For those who argue that President Bush's support for limiting jury awards has nothing to do with politics, a complication has emerged: His top political adviser, Karl Rove, has taken credit for the issue.
In an interview for a book published this week, Rove claimed responsibility for talking Bush into the subject of "tort reform" when he was packaging Bush for the 1994 Texas gubernatorial race.
"The two issues, education and juvenile justice, were on his agenda list," Rove told Wayne Slater and Jim Moore in an interview for their book, "Bush's Brain." Rove, noting Bush's interests in "compassionate conservatism" and "faith-based institutions," said: "Later, we added tort reform. I sort of talked him into that one."
Though Bush has said a civil liability revamp, specifically his plan to limit medical malpractice awards, "is not a Republican issue, it's not a Democrat issue," Rove's claim of paternity suggests otherwise. As Slater and Moore write, Rove was then a consultant to Philip Morris, an advocate for tort reform.
As part of his work for the tobacco company, Rove in 1996 provided advice on a "push poll" to see how best to damage then-Texas Attorney General Dan Morales, who was threatening to sue the tobacco industry. Rove presented a copy of the findings to Bush's office.
Rove's claim of responsibility for the tort reform issue is somewhat at odds with a deposition he gave during the tobacco lawsuit. Asked whether he discussed overhauling civil liability law with then-Gov. Bush, he replied: "I can't say that I did. But I can't say that I didn't. I do not recall. I know that tort reform was a significant part of his legislative agenda but it was not my area."
Slater and Moore write that while tort reform is standard Republican fare, "Rove wanted that issue elevated because he knew that its most ardent advocates in Texas could provide millions of dollars in campaign contributions needed to unseat [former Texas governor Ann] Richards."
At the national level, Bush's support for overhauling civil liability law has won him friends among insurers and doctors. According to the Center for Responsive Politics, health care professionals and insurers have given two-thirds of their $71 million in contributions to Republicans in the past two years.
The White House has had a difficult time staying "on message" with Bush's proposed $670 billion tax cut. The president's own economists have contradicted his and other aides' assertions that the cut would pay for itself and that deficits do not increase interest rates. Fed Chairman Alan Greenspan has raised doubts. And now, a survey of private economists has accused Bush of misrepresentation.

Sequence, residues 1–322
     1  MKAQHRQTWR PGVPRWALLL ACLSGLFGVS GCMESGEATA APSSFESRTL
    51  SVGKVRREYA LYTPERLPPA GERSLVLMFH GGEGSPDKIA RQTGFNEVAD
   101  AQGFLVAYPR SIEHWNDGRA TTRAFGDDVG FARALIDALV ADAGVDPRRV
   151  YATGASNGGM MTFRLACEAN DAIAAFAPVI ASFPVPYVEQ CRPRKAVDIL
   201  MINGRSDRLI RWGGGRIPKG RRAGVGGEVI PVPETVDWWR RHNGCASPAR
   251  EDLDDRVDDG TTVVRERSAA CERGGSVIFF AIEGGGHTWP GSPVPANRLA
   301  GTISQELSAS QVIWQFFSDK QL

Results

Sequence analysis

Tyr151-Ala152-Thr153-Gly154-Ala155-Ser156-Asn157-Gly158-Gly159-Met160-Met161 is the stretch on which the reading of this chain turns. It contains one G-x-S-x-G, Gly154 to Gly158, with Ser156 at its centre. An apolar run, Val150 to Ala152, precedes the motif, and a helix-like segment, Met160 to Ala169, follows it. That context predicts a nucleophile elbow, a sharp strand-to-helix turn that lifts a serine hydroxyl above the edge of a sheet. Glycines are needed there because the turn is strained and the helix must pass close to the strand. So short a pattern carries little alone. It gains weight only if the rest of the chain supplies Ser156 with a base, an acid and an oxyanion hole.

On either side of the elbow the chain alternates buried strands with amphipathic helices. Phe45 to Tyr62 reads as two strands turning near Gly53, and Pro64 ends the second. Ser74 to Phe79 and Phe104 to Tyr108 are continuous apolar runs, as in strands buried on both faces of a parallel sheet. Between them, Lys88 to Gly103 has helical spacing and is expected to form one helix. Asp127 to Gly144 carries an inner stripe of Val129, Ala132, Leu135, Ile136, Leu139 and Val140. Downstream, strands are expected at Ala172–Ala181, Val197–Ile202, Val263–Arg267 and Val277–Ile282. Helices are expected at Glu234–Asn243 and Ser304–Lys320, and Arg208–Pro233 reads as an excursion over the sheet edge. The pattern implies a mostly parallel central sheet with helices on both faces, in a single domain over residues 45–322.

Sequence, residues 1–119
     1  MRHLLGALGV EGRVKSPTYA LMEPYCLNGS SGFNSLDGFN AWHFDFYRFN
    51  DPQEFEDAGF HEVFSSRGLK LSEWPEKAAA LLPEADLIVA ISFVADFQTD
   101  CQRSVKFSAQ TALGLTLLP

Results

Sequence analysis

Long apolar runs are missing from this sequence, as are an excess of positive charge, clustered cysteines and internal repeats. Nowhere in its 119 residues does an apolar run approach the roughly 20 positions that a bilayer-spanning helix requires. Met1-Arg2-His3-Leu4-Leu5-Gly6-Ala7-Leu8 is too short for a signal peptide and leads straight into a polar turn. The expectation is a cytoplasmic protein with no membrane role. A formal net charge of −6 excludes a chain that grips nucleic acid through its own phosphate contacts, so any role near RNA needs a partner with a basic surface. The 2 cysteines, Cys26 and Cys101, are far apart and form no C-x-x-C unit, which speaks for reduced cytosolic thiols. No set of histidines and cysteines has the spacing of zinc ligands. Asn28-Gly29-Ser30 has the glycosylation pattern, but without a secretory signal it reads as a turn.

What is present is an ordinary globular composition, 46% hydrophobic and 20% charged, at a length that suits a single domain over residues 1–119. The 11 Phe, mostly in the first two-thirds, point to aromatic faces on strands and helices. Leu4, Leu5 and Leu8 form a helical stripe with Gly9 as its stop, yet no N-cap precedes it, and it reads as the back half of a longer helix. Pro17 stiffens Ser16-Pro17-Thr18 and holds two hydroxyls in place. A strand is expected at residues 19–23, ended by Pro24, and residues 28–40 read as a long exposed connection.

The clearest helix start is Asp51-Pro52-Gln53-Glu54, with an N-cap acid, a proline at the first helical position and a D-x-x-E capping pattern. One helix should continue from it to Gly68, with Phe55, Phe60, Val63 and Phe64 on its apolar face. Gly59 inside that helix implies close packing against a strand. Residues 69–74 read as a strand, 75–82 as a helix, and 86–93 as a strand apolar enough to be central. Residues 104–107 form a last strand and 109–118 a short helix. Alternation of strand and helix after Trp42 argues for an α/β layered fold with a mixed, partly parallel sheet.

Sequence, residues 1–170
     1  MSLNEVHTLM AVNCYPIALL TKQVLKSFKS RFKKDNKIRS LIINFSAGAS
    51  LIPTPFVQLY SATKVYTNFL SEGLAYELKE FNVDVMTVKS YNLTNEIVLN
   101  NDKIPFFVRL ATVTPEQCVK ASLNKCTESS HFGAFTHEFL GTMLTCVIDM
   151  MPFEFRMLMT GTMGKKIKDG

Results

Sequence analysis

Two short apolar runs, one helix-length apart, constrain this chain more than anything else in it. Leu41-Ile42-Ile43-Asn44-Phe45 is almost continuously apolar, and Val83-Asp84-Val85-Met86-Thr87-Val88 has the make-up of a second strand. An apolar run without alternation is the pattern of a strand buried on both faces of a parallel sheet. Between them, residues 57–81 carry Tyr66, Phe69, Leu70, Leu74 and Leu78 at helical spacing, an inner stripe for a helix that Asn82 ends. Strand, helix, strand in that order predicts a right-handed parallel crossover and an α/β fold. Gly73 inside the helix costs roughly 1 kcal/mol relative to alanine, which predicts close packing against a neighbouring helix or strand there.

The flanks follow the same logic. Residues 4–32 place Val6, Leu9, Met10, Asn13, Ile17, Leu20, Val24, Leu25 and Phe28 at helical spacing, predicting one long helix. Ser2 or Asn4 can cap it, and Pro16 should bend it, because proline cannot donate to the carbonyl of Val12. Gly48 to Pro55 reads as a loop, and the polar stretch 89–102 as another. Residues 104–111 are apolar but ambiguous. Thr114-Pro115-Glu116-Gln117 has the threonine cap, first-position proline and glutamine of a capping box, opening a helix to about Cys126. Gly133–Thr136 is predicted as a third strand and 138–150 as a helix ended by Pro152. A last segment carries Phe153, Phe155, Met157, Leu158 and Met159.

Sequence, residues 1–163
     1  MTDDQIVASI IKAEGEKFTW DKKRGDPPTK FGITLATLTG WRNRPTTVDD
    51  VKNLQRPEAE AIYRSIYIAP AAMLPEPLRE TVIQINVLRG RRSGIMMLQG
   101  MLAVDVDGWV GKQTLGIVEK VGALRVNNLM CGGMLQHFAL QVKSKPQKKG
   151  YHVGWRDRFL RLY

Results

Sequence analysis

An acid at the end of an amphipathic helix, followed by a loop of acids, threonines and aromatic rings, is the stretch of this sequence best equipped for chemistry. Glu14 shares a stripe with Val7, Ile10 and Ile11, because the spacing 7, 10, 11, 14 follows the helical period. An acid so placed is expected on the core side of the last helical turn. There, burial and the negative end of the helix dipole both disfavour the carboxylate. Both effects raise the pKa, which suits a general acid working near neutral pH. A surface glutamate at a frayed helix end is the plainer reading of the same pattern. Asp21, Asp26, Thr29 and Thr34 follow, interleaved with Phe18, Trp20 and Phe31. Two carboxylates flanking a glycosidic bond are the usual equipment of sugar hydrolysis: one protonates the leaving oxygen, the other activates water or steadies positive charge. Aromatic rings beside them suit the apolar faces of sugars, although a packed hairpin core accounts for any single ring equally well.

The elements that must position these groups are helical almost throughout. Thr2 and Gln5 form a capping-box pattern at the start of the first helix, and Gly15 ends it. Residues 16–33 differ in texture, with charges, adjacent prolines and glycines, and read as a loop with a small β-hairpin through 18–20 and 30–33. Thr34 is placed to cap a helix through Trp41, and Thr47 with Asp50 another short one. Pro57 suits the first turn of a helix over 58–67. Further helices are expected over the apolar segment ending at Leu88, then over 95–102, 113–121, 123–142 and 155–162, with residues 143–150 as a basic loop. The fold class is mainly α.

On Thursday, Bush implied that the private economists who participate in the "Blue Chip" forecast had based their estimates on his tax plan, saying his proposal "makes sense when analyzed by the economists behind the Blue Chip forecasts."
The survey's editor, Randell Moore, called the White House to complain that Bush "made it sound as if Blue Chip economic forecasters had endorsed his plan." The economists had assumed only that some generic stimulus would pass.
Newsday ran a headline shouting, "Editor: Bush Cited Report That Doesn't Exist." Senate Minority Leader Thomas A. Daschle (D-S.D.) said Bush is "making up imaginary supporters."
Yesterday, Bush softened his claim. "These economists predicted in the Blue Chip forecast that the economy would grow at 3.3 percent if Congress responded to a stimulative package," he said.
Moore proclaimed himself satisfied, adding: "Sometimes our president has a difficult time speaking."
When Prime Minister Jose Maria Aznar visited the president's ranch Saturday, Bush heaped praise on the Spaniard for his stand against Iraq. He spoke of Aznar's "courage and moral clarity," adding: "I thank you for your friendship."
But Aznar shouldn't let his head swell: Last week, Bush said Turkey has "no better friend" than America. A month earlier, he told Poland's leader "I've got no better friend in Europe." Israel's Ariel Sharon "has got no better friend than the United States," which, in turn, has "no better friend in the world than Great Britain." Even the Philippines has earned "no better friend" status.
Two countries notably absent from Bush's current friendship list are France and Germany, both obstacles to his Iraq policy. Has Bush concluded he does not need them? "Au contraire," said press secretary Ari Fleischer.
The Quotable Bush
"We may not be cash-flowing that much, but the sky's the limit. Well, when you pay dividends, that sky's-the-limit business doesn't hunt."
-- Feb. 20, discussing his tax proposals.
"We're going to make sure we spend enough to win this war. And by spending enough to win a war, we may not have a war at all."
-- Feb. 20, discussing homeland security.
"So today, I ask you to challenge your listeners to . . . start a ministry which will find the children of those who are incarcinated and love them."
-- Feb. 10, to Christian broadcasters.